Falling Bricks
The proverb that murdered the Spanish economy


That being the case, it is not surprising that there is a distinct sense among the Spanish economic laity that this is all some sort of Teutonic plot. “The Germans have always dreamed of conquering all of Europe,” says one young Spaniard in a Madrid café. “Now they are.” And Frau Merkel? “Hitler in a dress.”

But Berlin has as much to lose from a Spanish collapse as Madrid does. Its banks are exposed to Spanish risks, and the streets of Madrid are filled with BMWs and Audis, even if a great many of them are running on visibly bald spare tires these days. Germany cannot write off southern Europe without writing off a very large chunk of its own export-driven economy. It’s a Quentin Tarantino–style Mexican standoff, everybody holding a gun to everybody else’s head.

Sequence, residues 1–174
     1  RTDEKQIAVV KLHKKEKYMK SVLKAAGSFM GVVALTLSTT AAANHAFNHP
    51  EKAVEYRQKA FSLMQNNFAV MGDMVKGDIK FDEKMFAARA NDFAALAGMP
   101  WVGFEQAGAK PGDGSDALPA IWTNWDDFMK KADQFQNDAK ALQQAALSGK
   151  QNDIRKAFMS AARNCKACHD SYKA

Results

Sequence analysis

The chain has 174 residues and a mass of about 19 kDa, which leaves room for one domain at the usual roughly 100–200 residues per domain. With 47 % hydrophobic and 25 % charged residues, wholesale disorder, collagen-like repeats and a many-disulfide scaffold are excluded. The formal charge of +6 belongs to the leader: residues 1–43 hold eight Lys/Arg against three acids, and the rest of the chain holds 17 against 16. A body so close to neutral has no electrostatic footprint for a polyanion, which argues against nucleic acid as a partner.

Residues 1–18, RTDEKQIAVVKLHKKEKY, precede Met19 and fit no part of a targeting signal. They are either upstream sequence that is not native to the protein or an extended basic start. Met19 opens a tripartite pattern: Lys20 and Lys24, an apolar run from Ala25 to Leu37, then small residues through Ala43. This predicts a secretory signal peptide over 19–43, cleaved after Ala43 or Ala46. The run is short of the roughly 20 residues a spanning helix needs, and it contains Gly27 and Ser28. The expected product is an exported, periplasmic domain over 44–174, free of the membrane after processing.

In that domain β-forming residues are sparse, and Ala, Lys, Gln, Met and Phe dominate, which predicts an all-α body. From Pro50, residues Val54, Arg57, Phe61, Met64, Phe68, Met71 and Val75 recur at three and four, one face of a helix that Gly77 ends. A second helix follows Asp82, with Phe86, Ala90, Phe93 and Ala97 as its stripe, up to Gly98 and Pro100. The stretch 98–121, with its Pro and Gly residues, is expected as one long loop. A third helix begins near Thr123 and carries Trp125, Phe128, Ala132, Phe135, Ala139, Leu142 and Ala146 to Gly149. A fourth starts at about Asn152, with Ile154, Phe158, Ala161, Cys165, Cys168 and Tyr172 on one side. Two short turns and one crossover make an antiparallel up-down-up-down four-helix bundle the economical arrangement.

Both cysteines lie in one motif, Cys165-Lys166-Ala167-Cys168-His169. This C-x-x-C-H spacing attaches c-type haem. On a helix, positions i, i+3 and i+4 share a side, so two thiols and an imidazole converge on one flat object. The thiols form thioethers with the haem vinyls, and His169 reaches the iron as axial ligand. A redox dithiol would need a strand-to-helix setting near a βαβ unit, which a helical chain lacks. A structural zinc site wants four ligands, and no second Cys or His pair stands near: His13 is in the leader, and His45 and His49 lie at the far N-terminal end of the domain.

June 25, 2012    |     Volume LXIV, No. 12

Books, Arts & Manners
  • Michael Knox Beran reviews Barack Obama: The Story, by David Maraniss.
  • Joseph Postell reviews It’s Even Worse Than It Looks: How the American Constitutional System Collided with the New Politics of Extremism, by Thomas E. Mann and Norman J. Ornstein.
  • Amir Taheri reviews Patriot of Persia: Muhammad Mossadegh and a Tragic Anglo-American Coup, by Christopher de Bellaigue.
  • Claire Berlinski reviews How Civilizations Die (And Why Islam Is Dying Too), by David P. Goldman.
  • Ryan T. Anderson reviews Natural Law and the Antislavery Constitutional Tradition, by Justin Buckley Dyer.
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